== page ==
By 1850 Britain was the most industrialized country and the most powerful nation on Earth. Marx used his analysis of England's economical system to predict the development of other countries and the final demise of capitalism. Just as Adam Smith did not foresee the development of trade unions and class struggle, Karl Marx did not foresee the development of 19th century capitalism into the imperialism of the 20th century, a development in which Britain under Queen Victoria's "favourate prime minister" Disraeli participated with colonial annexations in quick succession: 1877 Transvaal, 1878 - 1880 Afghanistan, 1882 Egypt, 1890 Rhodesia, 1898 Sudan.
The annexation of all continents by imperial powers opened the possibility to shift the pauperization of the European working class predicted by Marx to other continents. The immense public debt under which the developing countries struggle today, and which keeps most of their people poor and often close to starvation, is the price the world has to pay for the extension of the time granted to the capitalist society. Any scientific analysis of the world economy shows that the Earth has the means to guarantee all people decent living conditions. Experience shows that this cannot be achieved through an economy based on the laws of capitalism.
Any science that comes to such a conclusion is of course virulently opposed by those who profit from the status quo. It is indeed remarkable that historians of all brands are more or less in agreement with Marxist analysis of feudalism, the slave society and early civilizations but keep their distance when it comes to the analysis of our present society, because it touches on the lives of the scholars themselves: If you admit that your own society is responsible for death and starvation of millions in continents that you cross in a plane when you go to a conference or on a holiday, how do you justify your own lifestyle?
In the 19th century the sciences of the inanimate world did not have to face such uncomfortable questions. The choice between particle stream or wave in a continuum is a choice between two methods that both produce useful results; it is not a choice of ethical and moral dimension. The 21st century shows clear signs that the time of comfort is coming to an end. Science today has become the basis for technological innovations that can make entire countries uninhabitable as a consequence of modern warfare or change the Earth's climate for generations to come. As a result all science now finds itself in a situation where it tries to understand the laws of processes that unfold before our eyes as the result of human action and cannot be stopped. We are crossing an ocean without understanding its weather and hope that the ship will not run into a storm.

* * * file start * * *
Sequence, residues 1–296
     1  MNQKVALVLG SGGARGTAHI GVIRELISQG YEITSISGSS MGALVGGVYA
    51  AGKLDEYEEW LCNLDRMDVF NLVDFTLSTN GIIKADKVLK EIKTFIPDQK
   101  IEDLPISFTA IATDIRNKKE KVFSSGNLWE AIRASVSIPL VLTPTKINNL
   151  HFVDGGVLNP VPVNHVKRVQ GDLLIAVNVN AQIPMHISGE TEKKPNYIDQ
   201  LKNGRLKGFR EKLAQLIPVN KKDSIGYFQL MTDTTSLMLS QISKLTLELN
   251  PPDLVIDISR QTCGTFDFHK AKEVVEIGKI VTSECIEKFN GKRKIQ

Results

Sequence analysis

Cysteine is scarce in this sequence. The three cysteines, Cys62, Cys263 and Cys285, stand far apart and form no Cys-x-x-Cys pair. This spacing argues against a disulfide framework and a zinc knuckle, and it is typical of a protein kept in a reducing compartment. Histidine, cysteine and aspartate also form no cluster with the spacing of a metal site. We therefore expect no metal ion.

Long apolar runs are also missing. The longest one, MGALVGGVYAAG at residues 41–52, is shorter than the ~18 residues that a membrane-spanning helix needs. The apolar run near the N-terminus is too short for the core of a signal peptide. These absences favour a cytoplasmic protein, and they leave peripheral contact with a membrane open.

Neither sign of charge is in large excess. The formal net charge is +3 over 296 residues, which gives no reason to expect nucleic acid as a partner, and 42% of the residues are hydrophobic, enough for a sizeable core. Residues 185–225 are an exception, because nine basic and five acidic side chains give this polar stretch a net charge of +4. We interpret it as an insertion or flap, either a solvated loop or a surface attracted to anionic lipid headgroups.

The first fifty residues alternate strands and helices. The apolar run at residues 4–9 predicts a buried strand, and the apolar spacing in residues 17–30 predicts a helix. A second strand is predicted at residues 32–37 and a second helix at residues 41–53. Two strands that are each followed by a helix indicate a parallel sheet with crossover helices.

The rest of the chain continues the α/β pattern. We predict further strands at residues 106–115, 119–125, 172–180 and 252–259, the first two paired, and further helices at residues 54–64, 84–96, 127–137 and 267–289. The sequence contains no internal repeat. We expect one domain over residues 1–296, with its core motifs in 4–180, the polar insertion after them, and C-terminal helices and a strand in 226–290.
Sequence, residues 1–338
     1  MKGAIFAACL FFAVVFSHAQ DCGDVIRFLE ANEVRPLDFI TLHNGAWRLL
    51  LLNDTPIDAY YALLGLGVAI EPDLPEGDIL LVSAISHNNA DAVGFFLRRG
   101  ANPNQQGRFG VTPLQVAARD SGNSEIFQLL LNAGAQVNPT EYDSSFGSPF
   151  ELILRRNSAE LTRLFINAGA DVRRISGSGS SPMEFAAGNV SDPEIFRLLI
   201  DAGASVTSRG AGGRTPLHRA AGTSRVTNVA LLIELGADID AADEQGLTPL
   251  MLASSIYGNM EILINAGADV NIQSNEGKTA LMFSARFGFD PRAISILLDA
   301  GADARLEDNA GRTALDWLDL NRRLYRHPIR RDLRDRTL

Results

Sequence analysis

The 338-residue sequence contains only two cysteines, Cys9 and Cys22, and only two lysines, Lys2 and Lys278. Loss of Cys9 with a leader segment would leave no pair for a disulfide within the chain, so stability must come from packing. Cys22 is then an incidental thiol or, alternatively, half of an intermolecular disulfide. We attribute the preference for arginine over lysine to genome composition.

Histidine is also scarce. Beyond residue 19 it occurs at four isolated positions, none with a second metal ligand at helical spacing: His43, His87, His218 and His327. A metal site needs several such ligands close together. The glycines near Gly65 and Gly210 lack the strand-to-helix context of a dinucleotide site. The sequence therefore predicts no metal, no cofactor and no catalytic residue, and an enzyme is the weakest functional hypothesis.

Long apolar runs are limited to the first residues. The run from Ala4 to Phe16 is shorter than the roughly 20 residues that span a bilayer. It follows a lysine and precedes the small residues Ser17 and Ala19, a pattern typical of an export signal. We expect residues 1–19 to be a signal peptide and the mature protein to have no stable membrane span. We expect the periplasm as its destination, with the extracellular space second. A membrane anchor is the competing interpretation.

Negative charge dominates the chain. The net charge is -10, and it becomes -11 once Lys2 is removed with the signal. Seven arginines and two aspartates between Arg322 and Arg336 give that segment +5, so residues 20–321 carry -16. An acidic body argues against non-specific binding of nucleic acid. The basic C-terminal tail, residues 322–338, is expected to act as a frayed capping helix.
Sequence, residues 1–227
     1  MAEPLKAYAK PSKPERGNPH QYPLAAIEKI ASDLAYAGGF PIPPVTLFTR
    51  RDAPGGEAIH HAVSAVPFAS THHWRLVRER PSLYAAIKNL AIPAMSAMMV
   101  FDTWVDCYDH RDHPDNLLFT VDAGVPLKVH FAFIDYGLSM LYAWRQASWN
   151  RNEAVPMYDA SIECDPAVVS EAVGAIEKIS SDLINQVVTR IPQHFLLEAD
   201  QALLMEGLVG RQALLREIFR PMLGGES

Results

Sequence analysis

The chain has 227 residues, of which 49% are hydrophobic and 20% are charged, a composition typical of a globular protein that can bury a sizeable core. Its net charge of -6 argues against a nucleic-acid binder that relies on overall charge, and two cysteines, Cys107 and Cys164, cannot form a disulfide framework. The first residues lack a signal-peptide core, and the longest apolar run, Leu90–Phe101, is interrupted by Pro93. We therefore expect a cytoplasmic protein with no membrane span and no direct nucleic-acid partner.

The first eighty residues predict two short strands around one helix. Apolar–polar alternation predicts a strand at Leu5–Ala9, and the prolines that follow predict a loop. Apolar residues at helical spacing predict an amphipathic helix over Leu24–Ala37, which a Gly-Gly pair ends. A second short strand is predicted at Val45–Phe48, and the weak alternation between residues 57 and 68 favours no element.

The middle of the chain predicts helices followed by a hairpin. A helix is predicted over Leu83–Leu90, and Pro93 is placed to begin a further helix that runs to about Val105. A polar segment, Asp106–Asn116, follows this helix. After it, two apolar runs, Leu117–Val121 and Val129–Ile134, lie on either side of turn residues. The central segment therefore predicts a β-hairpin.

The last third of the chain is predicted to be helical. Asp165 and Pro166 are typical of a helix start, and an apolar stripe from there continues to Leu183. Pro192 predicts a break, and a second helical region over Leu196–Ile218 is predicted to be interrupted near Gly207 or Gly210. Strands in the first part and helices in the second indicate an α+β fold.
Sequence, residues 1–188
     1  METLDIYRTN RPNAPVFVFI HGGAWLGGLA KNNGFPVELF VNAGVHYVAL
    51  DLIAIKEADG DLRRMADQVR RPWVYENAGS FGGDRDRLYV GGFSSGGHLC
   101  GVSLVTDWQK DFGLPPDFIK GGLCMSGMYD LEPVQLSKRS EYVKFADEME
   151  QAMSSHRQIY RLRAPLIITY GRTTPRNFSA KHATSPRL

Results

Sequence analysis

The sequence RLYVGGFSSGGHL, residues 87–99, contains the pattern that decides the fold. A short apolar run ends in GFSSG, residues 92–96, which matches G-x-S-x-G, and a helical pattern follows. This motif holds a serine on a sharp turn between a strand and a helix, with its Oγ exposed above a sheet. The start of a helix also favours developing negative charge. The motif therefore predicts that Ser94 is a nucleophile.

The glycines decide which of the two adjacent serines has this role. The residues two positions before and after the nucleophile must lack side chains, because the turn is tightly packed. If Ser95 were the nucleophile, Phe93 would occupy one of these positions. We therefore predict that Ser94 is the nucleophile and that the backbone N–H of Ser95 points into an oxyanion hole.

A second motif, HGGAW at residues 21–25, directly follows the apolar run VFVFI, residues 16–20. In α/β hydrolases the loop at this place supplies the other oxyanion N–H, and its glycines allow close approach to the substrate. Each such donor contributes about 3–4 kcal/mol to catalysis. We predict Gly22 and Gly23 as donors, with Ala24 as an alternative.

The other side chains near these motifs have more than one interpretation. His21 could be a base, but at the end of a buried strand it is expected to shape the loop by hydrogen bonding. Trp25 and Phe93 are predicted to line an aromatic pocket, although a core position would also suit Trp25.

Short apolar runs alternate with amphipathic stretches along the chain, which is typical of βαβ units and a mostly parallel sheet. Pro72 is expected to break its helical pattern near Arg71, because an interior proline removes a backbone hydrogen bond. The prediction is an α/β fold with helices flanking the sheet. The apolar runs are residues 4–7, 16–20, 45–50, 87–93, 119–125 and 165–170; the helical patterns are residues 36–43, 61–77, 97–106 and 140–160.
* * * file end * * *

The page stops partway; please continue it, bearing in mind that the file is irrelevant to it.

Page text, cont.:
Science is no longer aloof from the political controversies of the day. We now witness the emergence of what might be called "partisan science", science moulded to suit the interests of powerful sections of society. Social Darwinism and the population theory of Thomas Malthus were early examples of partisan science. More examples will come to hand as we approach the 21st century.
Accidents can happen and are the result of sloppy science; the invention of heroin is but one example. Weapons of mass destruction and greenhouse gases, on the other hand, are no accidents but results of planned application of science. Partisan science is not sloppy science but wilfully deformed science. It is dangerous because it denies that there is a problem and offers "scientific" reasoning why society is perfect as it is. Lecture 35 will have to discuss partisan science at some length.
Abelès, F. (1965) Instrumental Optics. In: R. Taton (ed.) History of Science, Science in the 19th Century. Basic Books Inc. New York, 144 - 155. (Translation of La science contemporaine)
Anderle et al. (1966) Weltgeschichte in Daten. VEB Deutscher Verlag der Wissenschaften, Berlin.
Cohen, I. B. (1965) Science in the United States. In: R. Taton (ed.) History of Science, Science in the 19th Century. Basic Books Inc. New York, 563 - 570. (Translation of La science contemporaine)
Crowther, J. C. (1967) The Social Relations of Science, revised edition. The Cresset Press, London.
Tonnelat, M.-A. (1965) The theory of light. In: R. Taton (ed.) History of Science, Science in the 19th Century. Basic Books Inc. New York, 156 - 169. (Translation of La science contemporaine)